# Probabilistic Robotics Introduction Probabilities Bayes rule Bayes filters

• Slides: 35

Probabilistic Robotics Introduction Probabilities Bayes rule Bayes filters 1

Probabilistic Robotics Key idea: Explicit representation of uncertainty using the calculus of probability theory • Perception = state estimation • Action = utility optimization 2

Axioms of Probability Theory Pr(A) denotes probability that proposition A is true. • • • 3

A Closer Look at Axiom 3 B 4

Using the Axioms 5

Discrete Random Variables • X denotes a random variable. • X can take on a countable number of values in {x 1, x 2, …, xn}. • P(X=xi), or P(xi), is the probability that the random variable X takes on value. x i. • P( ) is called probability mass function. 6

Continuous Random Variables • X takes on values in the continuum. • p(X=x), or p(x), is a probability density function. p(x) • E. g. x 7

Joint and Conditional Probability • P(X=x and Y=y) = P(x, y) • If X and Y are independent then P(x, y) = P(x) P(y) • P(x | y) is the probability of x given y P(x | y) = P(x, y) / P(y) P(x, y) = P(x | y) P(y) • If X and Y are independent then P(x | y) = P(x) 8

Law of Total Probability, Marginals Discrete case Continuous case 9

Bayes Formula 10

Normalization Algorithm: 11

Conditioning • Law of total probability: 12

Bayes Rule with Background Knowledge 13

Conditioning • Total probability: 14

Conditional Independence equivalent to and 15

Simple Example of State Estimation • Suppose a robot obtains measurement z • What is P(open|z)? 16

Causal vs. Diagnostic Reasoning • P(open|z) is diagnostic. • P(z|open) is causal. • Often causal knowledge is easier to obtain. count frequencies! • Bayes rule allows us to use causal knowledge: 17

Example • P(z|open) = 0. 6 P(z| open) = 0. 3 • P(open) = P( open) = 0. 5 • z raises the probability that the door is open. 18

Combining Evidence • Suppose our robot obtains another observation z 2. • How can we integrate this new information? • More generally, how can we estimate P(x| z 1. . . zn )? 19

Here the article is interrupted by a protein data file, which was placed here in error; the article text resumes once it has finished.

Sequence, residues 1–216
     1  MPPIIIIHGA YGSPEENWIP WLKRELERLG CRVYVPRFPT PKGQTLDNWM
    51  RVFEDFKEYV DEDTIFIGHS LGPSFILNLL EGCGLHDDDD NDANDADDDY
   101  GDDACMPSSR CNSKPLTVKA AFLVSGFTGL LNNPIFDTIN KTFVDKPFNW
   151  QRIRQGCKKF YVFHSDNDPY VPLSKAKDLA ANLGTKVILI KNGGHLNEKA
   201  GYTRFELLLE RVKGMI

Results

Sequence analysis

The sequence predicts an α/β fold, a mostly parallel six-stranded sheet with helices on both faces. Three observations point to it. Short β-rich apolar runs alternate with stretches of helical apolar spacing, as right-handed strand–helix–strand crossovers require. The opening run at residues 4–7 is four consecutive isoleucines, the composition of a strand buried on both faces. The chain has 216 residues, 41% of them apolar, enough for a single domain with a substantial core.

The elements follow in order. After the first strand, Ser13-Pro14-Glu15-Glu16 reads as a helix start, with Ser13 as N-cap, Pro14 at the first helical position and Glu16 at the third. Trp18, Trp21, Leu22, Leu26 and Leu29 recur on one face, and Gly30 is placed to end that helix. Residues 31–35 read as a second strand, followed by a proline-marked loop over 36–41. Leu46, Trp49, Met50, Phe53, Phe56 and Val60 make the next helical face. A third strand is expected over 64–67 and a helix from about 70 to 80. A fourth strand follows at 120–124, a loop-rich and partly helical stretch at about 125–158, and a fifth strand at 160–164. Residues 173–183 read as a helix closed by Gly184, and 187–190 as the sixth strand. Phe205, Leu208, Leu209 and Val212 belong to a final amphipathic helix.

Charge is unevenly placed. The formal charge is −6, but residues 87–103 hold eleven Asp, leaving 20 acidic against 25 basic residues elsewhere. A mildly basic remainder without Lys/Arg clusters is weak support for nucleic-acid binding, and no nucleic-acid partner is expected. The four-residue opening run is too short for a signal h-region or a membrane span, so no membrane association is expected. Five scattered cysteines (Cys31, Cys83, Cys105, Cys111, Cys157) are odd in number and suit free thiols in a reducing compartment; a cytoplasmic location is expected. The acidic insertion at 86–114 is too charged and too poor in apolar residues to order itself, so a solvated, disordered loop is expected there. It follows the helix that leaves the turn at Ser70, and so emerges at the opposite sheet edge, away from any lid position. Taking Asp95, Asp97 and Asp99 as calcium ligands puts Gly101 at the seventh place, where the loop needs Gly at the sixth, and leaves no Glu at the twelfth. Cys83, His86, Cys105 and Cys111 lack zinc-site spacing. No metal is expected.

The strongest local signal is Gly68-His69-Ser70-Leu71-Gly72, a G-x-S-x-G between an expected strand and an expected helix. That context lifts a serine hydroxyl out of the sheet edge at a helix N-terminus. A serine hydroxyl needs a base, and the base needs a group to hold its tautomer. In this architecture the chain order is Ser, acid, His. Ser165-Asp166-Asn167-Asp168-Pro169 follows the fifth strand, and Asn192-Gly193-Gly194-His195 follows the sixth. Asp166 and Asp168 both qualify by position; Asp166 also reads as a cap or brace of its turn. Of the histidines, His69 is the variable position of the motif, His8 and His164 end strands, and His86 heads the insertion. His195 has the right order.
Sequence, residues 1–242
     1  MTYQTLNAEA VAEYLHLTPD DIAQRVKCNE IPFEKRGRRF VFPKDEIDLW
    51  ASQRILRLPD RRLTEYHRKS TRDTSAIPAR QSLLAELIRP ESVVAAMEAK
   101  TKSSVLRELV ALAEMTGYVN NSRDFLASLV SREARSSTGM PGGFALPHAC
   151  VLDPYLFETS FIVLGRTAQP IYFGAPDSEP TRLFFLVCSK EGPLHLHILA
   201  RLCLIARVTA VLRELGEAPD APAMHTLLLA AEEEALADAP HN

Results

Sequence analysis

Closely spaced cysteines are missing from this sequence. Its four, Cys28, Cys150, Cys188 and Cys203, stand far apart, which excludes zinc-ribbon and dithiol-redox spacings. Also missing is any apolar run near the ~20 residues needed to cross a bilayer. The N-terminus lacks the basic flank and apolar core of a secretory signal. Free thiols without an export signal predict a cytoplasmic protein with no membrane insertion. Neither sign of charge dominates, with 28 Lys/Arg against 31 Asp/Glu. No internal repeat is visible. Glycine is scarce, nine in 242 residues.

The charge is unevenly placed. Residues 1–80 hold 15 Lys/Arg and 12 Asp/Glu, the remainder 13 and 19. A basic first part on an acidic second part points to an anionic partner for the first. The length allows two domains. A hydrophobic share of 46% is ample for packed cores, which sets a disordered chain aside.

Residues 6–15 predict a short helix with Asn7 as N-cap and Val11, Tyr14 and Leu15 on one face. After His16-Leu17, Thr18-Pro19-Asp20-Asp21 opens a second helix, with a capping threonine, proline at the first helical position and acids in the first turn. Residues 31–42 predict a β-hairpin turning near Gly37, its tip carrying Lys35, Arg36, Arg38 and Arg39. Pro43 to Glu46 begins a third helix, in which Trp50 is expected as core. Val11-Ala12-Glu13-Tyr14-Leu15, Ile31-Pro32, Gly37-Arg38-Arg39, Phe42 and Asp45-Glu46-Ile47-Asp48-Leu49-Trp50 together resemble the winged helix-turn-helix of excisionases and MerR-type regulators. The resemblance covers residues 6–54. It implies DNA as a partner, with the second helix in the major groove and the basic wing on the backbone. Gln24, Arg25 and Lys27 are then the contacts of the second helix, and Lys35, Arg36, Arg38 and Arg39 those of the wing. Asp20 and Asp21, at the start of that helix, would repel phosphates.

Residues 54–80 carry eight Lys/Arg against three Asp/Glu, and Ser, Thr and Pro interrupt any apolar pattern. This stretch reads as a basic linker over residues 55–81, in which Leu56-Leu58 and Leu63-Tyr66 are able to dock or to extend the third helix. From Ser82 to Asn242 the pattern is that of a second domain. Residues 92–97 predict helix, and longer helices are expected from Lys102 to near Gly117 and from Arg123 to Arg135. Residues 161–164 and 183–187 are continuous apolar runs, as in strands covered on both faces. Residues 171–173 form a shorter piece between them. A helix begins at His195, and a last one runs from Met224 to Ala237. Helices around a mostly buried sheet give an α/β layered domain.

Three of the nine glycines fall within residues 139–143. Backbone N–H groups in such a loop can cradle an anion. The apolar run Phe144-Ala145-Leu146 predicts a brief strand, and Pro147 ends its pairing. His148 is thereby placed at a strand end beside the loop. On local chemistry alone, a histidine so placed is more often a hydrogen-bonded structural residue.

Recursive Bayesian Updating Markov assumption: zn is independent of z 1, . . . , zn-1 if we know x. 20

Example: Second Measurement • P(z 2|open) = 0. 5 • P(open|z 1)=2/3 P(z 2| open) = 0. 6 • z 2 lowers the probability that the door is open. 21

Actions • Often the world is dynamic since • actions carried out by the robot, • actions carried out by other agents, • or just the time passing by change the world. • How can we incorporate such actions? 23

Typical Actions • The robot turns its wheels to move • The robot uses its manipulator to grasp • an object Plants grow over time… • Actions are never carried out with • absolute certainty. In contrast to measurements, actions generally increase the uncertainty. 24

Modeling Actions • To incorporate the outcome of an action u into the current “belief”, we use the conditional pdf P(x|u, x’) • This term specifies the pdf that executing u changes the state from x’ to x. 25

Example: Closing the door 26

State Transitions P(x|u, x’) for u = “close door”: If the door is open, the action “close door” succeeds in 90% of all cases. 27

Integrating the Outcome of Actions Continuous case: Discrete case: 28

Example: The Resulting Belief 29

Bayes Filters: Framework • Given: • Stream of observations z and action data u: • Sensor model P(z|x). • Action model P(x|u, x’). • Prior probability of the system state P(x). • Wanted: • Estimate of the state X of a dynamical system. • The posterior of the state is also called Belief: 30

Markov Assumption Underlying Assumptions • Static world • Independent noise • Perfect model, no approximation errors 31

Bayes Filters z = observation u = action x = state Bayes Markov Total prob. Markov 32

Bayes Filter Algorithm 1. 2. Algorithm Bayes_filter( Bel(x), d ): h=0 3. 4. 5. 6. 7. 8. If d is a perceptual data item z then For all x do 9. Else if d is an action data item u then For all x do 10. 11. For all x do 12. Return Bel’(x) 33

Bayes Filters are Familiar! • Kalman filters • Particle filters • Hidden Markov models • Dynamic Bayesian networks • Partially Observable Markov Decision Processes (POMDPs) 34

Example: State Representations for Robot Localization Discrete Representations Continuous Representations Grid Based approaches (Markov localization) Particle Filters (Monte Carlo localization) Kalman Tracking 35

Summary • Bayes rule allows us to compute probabilities that are hard to assess otherwise. • Under the Markov assumption, recursive Bayesian updating can be used to efficiently combine evidence. • Bayes filters are a probabilistic tool for estimating the state of dynamic systems. 36